I had a far ranging debate last night that, among its several features, touched on clones. They weren’t what that debate was really about, and this post isn’t really what that debate was about. But, it got me thinking about how we think about clones.
I suspect, if pressed to give an off-the-cuff answer, most of us would describe a clone as a copy. And, because we think of them as a copy, we tend to think of them as being some kind of facsimile of the original. As such, we imagine them having many of the same characteristics of the original, even going so far as imaging them to have the same personality or even memories.
The reality of clones are far more complex. For clones gestated from contributed biological material, the similarity to the original may only be as much as that biology allows, which can often be far less than we imagine. Even with exact biological similarity, time, nature, and experience will mold the clone into something ultimately independent of the original beyond the constraints biology creates. Even if, somehow, the clone is an exact biological and experiential replica of the original, the moment it becomes independent, it becomes individual.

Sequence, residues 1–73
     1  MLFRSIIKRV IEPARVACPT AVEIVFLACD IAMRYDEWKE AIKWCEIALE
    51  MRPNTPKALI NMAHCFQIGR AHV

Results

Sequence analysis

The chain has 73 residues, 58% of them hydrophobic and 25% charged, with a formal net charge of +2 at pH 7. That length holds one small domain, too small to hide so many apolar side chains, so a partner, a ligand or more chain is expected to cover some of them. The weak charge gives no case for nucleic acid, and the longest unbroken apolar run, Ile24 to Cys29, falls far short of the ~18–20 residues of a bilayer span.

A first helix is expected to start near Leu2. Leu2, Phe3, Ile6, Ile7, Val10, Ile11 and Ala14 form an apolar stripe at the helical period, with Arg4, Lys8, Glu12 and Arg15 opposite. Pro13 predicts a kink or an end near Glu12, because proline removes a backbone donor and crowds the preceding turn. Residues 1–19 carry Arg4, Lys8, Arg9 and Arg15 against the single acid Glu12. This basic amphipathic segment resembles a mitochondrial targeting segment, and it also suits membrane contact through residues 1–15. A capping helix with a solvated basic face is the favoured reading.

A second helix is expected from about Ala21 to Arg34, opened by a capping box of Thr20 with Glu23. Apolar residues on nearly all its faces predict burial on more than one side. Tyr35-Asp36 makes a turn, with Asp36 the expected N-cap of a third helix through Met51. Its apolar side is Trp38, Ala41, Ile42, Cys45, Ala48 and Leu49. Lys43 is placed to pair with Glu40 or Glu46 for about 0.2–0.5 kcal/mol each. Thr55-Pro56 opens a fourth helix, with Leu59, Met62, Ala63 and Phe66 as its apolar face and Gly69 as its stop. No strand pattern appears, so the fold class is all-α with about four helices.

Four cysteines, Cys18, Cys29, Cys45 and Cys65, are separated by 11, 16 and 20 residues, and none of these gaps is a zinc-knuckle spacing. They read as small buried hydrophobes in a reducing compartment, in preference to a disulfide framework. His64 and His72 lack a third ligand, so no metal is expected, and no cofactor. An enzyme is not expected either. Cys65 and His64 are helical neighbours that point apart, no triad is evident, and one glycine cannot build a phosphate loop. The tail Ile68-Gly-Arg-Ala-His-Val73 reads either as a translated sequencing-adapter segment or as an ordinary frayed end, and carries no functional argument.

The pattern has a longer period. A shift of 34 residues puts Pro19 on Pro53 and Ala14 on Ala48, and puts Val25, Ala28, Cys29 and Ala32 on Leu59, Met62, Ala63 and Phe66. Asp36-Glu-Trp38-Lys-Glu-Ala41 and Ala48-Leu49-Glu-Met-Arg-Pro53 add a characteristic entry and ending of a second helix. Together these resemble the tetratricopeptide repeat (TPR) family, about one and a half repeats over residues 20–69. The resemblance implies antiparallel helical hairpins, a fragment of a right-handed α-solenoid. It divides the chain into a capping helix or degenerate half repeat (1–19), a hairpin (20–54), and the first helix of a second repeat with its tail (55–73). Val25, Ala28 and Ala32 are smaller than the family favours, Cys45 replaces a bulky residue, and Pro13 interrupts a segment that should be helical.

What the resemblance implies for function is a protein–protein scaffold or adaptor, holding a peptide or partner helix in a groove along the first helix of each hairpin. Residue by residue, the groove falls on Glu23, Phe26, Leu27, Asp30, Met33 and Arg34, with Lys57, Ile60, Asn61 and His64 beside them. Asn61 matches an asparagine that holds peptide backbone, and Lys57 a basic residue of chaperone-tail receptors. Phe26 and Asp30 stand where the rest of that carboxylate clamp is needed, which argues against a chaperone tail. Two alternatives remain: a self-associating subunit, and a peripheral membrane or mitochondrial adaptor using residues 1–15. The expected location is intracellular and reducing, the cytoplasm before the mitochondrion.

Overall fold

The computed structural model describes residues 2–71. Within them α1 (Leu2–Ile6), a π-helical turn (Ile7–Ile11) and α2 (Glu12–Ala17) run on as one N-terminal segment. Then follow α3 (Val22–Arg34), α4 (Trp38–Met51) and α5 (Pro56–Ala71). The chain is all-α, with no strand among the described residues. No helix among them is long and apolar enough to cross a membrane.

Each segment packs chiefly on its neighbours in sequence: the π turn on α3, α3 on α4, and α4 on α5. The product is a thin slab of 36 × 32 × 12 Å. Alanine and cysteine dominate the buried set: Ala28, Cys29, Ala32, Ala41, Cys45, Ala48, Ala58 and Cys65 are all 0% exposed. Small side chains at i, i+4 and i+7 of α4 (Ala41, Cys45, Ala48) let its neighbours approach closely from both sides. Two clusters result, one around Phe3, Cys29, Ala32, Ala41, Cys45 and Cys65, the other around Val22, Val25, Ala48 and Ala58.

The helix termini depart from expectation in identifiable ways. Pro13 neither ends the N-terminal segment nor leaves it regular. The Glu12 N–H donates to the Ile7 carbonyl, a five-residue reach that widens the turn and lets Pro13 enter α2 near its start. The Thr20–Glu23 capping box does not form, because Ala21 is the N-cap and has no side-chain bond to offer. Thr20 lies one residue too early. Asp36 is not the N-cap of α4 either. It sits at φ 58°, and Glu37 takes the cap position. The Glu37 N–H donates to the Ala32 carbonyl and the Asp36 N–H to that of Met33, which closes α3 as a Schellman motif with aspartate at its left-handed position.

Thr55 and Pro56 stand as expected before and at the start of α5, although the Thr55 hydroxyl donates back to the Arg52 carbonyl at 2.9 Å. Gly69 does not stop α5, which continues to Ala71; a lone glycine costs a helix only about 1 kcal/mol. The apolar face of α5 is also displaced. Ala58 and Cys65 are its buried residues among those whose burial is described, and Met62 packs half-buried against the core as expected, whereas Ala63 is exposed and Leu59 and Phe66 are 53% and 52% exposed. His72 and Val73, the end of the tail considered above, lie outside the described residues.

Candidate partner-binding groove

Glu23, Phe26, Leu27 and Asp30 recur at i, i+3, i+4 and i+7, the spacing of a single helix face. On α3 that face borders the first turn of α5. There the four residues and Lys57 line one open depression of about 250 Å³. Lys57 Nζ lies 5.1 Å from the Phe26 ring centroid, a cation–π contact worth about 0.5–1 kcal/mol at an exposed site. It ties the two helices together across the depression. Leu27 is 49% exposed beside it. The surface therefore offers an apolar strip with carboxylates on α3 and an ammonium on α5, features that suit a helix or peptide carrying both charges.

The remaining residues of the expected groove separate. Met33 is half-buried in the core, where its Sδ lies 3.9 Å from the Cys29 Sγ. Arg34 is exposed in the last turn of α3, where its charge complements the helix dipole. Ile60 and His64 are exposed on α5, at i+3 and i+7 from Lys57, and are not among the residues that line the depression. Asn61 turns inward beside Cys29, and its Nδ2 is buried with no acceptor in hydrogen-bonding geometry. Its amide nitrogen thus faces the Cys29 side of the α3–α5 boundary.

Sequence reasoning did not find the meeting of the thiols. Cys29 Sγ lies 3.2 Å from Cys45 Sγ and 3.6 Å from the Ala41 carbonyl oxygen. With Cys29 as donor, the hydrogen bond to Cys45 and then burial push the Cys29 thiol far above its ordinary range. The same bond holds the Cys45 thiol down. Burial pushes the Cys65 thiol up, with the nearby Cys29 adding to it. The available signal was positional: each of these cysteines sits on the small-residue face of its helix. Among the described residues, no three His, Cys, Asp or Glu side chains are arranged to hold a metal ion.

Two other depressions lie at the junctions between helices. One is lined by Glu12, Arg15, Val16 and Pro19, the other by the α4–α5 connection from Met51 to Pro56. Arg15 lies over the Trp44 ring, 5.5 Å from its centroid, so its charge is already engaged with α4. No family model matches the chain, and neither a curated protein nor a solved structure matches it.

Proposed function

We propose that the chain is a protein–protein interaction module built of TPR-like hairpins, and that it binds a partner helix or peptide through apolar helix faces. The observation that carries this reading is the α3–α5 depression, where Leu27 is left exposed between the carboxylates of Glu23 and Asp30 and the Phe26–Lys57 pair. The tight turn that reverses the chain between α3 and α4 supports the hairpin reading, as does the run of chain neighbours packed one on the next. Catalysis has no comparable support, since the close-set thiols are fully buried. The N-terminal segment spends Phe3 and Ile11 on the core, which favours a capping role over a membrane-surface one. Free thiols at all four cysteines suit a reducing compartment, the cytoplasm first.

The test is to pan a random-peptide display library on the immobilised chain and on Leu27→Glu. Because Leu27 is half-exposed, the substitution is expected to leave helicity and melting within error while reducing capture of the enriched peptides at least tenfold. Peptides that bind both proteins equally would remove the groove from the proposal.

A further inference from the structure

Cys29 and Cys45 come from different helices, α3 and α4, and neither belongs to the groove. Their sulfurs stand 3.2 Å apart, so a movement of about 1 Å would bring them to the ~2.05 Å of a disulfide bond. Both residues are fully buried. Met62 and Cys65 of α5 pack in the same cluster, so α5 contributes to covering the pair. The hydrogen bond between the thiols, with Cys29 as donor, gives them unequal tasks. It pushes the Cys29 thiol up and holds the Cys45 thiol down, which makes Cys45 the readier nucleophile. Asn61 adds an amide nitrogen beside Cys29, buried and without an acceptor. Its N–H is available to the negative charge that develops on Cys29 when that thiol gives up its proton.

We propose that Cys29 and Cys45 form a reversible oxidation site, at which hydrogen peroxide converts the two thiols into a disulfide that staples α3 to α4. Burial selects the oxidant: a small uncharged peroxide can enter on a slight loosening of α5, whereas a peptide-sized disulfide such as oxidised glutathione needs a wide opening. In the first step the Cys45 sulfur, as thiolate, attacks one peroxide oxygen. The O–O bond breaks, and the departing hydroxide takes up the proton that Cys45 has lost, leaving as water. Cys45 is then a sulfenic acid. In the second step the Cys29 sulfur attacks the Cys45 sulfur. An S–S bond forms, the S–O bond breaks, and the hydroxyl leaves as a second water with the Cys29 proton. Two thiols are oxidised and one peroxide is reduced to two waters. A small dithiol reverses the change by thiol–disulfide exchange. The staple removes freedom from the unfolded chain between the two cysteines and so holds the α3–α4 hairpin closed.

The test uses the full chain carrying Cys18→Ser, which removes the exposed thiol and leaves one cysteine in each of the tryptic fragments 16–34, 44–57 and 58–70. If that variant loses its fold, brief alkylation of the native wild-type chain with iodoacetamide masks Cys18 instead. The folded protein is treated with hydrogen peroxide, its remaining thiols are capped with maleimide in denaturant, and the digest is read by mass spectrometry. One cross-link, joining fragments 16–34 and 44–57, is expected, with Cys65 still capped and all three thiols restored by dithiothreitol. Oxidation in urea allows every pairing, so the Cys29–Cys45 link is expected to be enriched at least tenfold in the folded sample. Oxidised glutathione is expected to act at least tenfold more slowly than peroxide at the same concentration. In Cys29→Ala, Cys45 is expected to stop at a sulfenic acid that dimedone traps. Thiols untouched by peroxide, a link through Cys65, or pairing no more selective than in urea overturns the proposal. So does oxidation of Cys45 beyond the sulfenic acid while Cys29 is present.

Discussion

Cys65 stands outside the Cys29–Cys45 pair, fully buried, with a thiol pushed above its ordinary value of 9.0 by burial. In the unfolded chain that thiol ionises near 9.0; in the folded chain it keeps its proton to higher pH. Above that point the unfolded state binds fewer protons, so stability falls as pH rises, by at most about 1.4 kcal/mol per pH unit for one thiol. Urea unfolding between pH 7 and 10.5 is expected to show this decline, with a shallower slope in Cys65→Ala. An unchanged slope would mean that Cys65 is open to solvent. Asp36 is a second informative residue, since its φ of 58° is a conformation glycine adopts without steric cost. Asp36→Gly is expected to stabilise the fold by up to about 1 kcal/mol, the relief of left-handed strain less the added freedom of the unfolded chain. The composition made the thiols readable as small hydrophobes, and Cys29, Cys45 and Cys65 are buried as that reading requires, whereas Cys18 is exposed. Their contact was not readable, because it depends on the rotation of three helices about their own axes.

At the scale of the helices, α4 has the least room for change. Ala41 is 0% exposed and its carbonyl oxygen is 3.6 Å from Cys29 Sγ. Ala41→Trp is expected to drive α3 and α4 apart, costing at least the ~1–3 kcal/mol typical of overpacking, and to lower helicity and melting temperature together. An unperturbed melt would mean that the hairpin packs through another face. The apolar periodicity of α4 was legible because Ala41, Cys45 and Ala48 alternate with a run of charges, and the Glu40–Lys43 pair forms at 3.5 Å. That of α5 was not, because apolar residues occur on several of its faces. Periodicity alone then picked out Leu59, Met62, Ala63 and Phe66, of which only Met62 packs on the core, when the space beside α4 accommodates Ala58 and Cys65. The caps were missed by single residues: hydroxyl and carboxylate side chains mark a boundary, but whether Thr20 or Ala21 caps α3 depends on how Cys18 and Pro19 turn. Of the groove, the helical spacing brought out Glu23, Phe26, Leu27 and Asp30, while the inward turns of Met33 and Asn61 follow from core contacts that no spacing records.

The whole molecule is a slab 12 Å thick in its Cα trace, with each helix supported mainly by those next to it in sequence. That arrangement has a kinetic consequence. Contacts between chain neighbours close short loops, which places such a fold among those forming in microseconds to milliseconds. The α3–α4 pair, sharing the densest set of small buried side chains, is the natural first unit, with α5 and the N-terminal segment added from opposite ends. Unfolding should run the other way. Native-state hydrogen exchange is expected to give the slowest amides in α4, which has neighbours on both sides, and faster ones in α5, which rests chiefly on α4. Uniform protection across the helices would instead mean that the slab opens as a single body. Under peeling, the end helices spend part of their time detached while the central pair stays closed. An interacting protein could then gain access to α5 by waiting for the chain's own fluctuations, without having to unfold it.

I think our preconceptions about things like clones speak to our preconceptions about a lot of life. It’s useful to sometimes take a step back and examine those preconceptions because, sometimes, we discover what we thought isn’t what’s true at all.